I have recently thought a great deal about communication and why it appears to be such a difficult task to perform well.
When I conduct my Successful Customer Relations presentation, I always begin with a discussion on communication. I talk about how we use a filtration system to encode an idea into verbal and nonverbal communication. I talk about the need to minimize the noise factors that interfere with effective communication. I also cover the need for feedback to ensure understanding of the message and idea being communicated. I even cover body language. I have recently realized that I cover the subject very well, yet something has been missing.
You see, although I cover the mechanics and the “should dos” well, I did not cover the methods and reasons for communication. I will correct this omission now.
First let me state that good communication involves proper informing. Informing is telling the what, the why, what can be expected as a result, and gaining acceptance of understanding. Without acceptance, there is no communication. Now let’s discuss the methods of communication.
The first is face-to-face. In this method we have immediate response and can observe the nonverbal cues from the body language. We can use this method when the subject is both urgent and important. Although possible, often a written record of the conversation is not kept.
Telephone is the next best method to ensure that the message is communicated. You miss the body language yet you can hear the voice inflections that carry much of the message. The telephone allows for a full feedback driven discussion and allows for communication of urgent and important issues. Contemporaneous notes will provide a written record.
Texting is a recent addition to the communications arsenal. It is immediate and can be used for important and urgent communication. We may have a written record of the conversation. We lose the nonverbal cues now.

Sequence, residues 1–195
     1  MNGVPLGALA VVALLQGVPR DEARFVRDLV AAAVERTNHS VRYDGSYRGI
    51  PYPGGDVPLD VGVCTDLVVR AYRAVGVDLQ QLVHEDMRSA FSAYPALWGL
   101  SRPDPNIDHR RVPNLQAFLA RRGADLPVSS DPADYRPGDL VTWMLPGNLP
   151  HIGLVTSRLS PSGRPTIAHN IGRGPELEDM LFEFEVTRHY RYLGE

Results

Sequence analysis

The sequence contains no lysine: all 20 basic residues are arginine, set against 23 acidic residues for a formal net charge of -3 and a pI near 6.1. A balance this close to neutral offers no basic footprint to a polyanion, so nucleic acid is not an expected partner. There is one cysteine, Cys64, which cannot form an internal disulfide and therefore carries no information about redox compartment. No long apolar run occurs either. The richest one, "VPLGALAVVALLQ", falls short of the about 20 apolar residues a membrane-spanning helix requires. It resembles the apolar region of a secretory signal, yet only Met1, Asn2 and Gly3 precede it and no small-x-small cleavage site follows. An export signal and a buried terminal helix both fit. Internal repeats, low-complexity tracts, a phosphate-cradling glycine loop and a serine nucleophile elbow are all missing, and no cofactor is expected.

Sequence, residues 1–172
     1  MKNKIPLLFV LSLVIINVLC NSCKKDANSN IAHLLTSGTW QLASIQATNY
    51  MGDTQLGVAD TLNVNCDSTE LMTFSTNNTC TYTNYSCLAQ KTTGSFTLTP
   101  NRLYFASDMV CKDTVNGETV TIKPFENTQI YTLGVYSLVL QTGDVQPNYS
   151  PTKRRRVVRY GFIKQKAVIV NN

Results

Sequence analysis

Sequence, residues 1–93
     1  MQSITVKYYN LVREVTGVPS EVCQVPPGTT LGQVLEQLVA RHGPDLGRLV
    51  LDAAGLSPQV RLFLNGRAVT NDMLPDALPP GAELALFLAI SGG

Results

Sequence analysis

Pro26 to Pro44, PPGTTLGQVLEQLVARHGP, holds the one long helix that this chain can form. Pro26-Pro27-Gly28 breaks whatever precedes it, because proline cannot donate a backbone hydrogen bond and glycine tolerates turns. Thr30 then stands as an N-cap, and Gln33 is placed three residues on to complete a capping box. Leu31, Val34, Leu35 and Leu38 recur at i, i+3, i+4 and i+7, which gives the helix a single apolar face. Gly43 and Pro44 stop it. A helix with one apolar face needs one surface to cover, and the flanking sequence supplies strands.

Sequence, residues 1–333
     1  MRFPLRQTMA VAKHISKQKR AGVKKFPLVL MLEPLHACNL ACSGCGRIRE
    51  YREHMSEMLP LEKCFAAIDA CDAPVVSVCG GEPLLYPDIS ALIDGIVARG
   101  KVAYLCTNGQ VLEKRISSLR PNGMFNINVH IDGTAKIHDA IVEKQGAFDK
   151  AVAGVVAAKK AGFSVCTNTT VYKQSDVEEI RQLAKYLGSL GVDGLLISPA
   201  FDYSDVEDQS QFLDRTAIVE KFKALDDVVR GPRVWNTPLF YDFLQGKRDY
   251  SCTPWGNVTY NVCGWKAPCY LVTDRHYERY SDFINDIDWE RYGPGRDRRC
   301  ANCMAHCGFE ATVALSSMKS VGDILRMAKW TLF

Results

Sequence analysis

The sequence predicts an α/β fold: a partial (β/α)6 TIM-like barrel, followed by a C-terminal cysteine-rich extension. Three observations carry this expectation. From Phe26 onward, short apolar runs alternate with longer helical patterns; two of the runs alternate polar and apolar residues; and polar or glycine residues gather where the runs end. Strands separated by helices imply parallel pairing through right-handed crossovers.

Email seems to be the preferred method of communication now. We send an email, it disappears onto the Internet, and we expect a reply sometime in the future. This method may be used for important but not for urgent messages unless we are sure that we will get a prompt reply. Any written communication is subject to the Ladder of Inference effect, so we must be careful with our wording. (If you don’t know what that effect is, Google it or see my discussion in a previous TechNation article).
Then there is the “social media” – Facebook, Twitter, etc. Although the users consider these methods important and urgent, especially Twitter, how important is it for me to know, right now or at all, that you just ate a ham sandwich without mustard?
I will not discuss snail mail, newsletters and webinars here so I have space to discuss the next topic – email usage. You see, email has become so prevalent that it has superseded all other forms of communication. It is abused and overused and quite often ignored. Our expectations are that we can “intrude” on anyone about anything if we send an email. We don’t even have to provide all the information within the email, nor do we have to use proper spelling, grammar and courtesy.
I get many emails that do not even have a nice greeting and close, just one giant paragraph that was obviously not given much preparation time, leaving me to decipher the what, the why and my expectation. I have come to the conclusion that email is not a form of communication at all. There is no communication without acceptance of understanding. If you leave me to make the interpretation, I guarantee that I will interpret it wrong.
Also, email does not seem to adhere to any etiquette. Do you even reply, and by when? What should I do if you do not reply in a reasonable time? What is a reasonable amount of time before I escalate to a phone call, or a face-to-face? How do I know that you really understood my intent? I propose that email be used for non-important yet possibly urgent topics. If it is important and urgent call me, leave a message and I will get back to you in a reasonable amount of time.